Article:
Peterbilt Conventionals Promote Professional Image for CEG Fleet

Nov. 1, 1997
PETERBILT conventionals give a distinctive look to the propane transport fleet operated by Coast Energy Group (CEG), a division of Cornerstone Propane

PETERBILT conventionals give a distinctive look to the propane transport fleet operated by Coast Energy Group (CEG), a division of Cornerstone Propane LP. The tractors also are an important part of the company's driver retention effort.

CEG's logistics services activities are directed from a main office in Bakersfield, California, and include running 36 propane transports. Management has a growth-oriented focus, and the division plans to add a minimum of two to five units a year for the foreseeable future.

"We are looking at a variety of growth opportunities, and we are predicting a 3% to 5% annual growth rate," says Vincent J Di Cosimo, president of Coast Energy Group. "Our desire is to locate several customers who would like to outsource their private fleet operations. We could easily double our fleet overnight with some of these deals.

"We are looking at various diversification opportunities, including a broader range of cargoes and transloading. However, we don't want to grow just for the sake of being large. Profitability comes first."

The logistics services operation is barely a year old and was formed from the combined transport assets of three large propane marketers-Coast Gas, Empire Gas, and Synergy Gas. The marketers were acquired over the past two years by Cornerstone Propane Partners, the parent company of Coast Energy Group.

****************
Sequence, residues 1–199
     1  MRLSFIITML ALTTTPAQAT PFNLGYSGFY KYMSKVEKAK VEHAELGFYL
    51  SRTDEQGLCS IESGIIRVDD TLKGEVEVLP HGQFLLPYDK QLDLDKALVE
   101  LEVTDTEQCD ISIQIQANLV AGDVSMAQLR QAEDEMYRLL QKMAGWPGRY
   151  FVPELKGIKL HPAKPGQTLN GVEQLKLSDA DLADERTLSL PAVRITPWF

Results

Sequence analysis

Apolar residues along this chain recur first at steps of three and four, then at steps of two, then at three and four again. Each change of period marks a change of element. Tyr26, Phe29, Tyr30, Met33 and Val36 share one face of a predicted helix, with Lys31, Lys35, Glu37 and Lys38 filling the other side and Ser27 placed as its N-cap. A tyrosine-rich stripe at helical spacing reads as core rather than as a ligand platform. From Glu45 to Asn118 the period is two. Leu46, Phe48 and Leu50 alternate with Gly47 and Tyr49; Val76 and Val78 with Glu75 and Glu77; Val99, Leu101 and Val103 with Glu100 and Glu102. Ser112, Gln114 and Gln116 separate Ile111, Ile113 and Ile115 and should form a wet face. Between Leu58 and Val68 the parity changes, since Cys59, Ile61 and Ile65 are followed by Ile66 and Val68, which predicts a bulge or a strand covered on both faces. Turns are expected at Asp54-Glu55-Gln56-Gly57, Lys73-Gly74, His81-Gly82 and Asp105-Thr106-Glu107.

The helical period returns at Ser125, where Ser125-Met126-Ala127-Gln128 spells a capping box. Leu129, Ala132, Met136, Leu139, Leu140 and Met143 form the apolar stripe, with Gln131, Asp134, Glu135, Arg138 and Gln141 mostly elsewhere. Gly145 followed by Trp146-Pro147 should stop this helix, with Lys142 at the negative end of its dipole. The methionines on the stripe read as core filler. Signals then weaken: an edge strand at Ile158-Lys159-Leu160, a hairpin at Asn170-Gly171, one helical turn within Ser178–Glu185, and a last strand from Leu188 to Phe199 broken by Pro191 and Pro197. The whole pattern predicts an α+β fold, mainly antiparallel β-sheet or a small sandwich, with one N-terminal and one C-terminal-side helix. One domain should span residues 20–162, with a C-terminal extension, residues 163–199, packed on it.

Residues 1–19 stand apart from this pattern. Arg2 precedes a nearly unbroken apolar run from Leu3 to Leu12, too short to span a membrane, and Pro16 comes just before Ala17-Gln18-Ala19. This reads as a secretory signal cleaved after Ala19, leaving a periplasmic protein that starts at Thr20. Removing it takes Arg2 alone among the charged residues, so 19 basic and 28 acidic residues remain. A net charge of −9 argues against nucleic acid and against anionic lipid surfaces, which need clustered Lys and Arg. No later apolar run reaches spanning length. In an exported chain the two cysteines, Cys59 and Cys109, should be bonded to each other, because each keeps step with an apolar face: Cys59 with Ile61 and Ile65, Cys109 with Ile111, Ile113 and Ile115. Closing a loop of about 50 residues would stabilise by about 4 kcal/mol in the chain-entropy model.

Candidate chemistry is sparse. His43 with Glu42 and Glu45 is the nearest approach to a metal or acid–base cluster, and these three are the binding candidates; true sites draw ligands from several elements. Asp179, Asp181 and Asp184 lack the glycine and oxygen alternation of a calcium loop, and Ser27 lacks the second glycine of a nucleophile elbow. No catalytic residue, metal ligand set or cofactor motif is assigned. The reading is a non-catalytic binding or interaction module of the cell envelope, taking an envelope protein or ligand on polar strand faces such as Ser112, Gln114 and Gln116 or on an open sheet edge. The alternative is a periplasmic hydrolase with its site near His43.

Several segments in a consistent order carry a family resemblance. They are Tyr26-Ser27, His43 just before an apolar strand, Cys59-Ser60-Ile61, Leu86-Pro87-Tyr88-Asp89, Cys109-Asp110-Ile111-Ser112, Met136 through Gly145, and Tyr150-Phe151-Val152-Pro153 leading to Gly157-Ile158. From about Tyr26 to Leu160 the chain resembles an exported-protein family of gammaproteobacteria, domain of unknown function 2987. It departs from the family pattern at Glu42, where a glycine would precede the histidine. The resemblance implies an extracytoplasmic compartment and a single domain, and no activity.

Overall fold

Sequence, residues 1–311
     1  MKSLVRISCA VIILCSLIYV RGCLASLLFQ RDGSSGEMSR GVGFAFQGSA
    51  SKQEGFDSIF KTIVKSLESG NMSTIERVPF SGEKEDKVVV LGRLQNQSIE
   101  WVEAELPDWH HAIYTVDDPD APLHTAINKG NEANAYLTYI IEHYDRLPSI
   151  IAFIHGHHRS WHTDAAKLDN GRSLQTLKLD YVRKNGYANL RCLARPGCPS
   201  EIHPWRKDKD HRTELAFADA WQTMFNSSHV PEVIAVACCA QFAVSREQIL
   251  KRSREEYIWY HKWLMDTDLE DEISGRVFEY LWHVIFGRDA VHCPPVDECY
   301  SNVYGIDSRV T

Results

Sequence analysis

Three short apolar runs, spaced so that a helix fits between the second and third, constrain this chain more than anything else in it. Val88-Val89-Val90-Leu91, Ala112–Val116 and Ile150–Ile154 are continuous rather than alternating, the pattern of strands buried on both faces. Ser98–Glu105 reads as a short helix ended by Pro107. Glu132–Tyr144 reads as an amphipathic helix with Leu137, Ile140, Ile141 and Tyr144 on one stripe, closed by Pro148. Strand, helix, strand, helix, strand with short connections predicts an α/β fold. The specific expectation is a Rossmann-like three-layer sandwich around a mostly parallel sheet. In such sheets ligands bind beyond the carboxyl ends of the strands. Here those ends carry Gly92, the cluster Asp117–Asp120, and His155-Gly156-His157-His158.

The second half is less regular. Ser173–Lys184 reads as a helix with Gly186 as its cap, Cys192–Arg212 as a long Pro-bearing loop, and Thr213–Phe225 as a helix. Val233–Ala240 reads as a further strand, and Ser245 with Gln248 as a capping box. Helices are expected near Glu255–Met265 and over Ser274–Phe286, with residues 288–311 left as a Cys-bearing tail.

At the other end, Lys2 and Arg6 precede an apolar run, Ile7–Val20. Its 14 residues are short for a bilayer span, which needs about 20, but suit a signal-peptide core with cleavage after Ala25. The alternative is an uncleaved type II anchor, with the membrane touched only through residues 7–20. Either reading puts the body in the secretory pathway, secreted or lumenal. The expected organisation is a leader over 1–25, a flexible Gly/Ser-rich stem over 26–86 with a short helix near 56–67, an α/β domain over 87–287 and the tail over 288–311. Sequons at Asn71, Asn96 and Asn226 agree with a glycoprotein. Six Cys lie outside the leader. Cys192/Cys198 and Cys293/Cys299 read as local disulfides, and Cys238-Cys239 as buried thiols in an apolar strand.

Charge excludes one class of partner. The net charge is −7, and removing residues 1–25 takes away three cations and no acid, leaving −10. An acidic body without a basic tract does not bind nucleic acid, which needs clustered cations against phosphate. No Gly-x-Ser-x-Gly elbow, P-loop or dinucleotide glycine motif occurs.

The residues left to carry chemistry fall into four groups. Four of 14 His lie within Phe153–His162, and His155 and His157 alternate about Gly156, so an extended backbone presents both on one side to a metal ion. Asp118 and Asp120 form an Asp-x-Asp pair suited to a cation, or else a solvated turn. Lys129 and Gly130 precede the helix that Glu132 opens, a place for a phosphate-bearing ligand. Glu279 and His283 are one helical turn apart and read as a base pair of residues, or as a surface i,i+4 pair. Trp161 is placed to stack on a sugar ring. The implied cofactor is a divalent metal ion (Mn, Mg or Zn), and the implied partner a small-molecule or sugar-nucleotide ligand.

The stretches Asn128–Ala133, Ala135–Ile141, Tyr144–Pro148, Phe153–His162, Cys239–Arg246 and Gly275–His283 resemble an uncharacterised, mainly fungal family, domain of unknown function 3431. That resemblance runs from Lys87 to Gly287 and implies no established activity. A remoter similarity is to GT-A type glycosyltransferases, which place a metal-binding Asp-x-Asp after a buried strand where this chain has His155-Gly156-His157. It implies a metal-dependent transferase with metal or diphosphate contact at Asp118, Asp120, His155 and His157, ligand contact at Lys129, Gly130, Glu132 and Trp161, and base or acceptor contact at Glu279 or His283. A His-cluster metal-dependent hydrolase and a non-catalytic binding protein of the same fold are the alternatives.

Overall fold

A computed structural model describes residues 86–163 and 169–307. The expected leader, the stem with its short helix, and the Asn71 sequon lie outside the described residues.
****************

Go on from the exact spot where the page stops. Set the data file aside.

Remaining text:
The partnership operates an extensive storage and distribution network that makes use of pipelines and rail tankcars, in addition to truck transports. Coast Energy Group moves more than 250 million gallons of wholesale propane annually.

Ranked as the fifth-largest propane marketer in the United States, Cornerstone Propane serves more than 360,000 customers from 312 retail service centers in 26 states. Over 900 bobtails are used to deliver propane locally to Cornerstone customers.

"This operation is very young, and we're still putting the pieces together," Di Cosimo says. "Prior to the merger, each marketer had its own private transport fleet. None of them did any for-hire carriage. With the creation of the Logistics Services division, we're taking the transport activities in completely new directions.

"We want to develop a broader range of transloading activities to keep our rail-accessed facilities busy year-round. We're looking at products with a short truck haul, including lubricants, antifreeze, and plastics. We can build virtually anything a customer might want."

Propane Focus Propane seems likely to remain the primary cargo for the Coast Energy Group, though. The Cornerstone Propane marketing units have to arrange transportation of bulk shipments through CEG.

"It's a captive market, but we still have to provide competitive pricing," says Randy Fordham, CEG director of transportation. "We do what is necessary to meet their transportation needs at the best cost.

"Coast Energy's objective is to have a central logistics focus. They want just one office handling all transport arrangements."

CEG's 36 propane transports are dispersed among locations in Alaska, Alabama, Arkansas, California, Florida, Maryland, Missouri, Nevada, and Oklahoma. The largest terminals are in Bakersfield; Baltimore, Maryland; Reno, Nevada; and Medley, Florida. Additionally, individual rigs are based in a number of locations.

Small Groups Except for Bakersfield, no location has more than five transports. For instance, four transports operate out of the terminal in Anchorage, Alaska. "With Alaska's weather conditions, Anchorage is one of our more challenging locations," Fordham says. "A part of Coast Gas in the past, the operation there has good growth potential."

All dispatching is handled out of the Bakersfield main office. Activity is heaviest from October to February, when the division handles as many as 2,100 loads a month. Trips are usually 200 miles or less.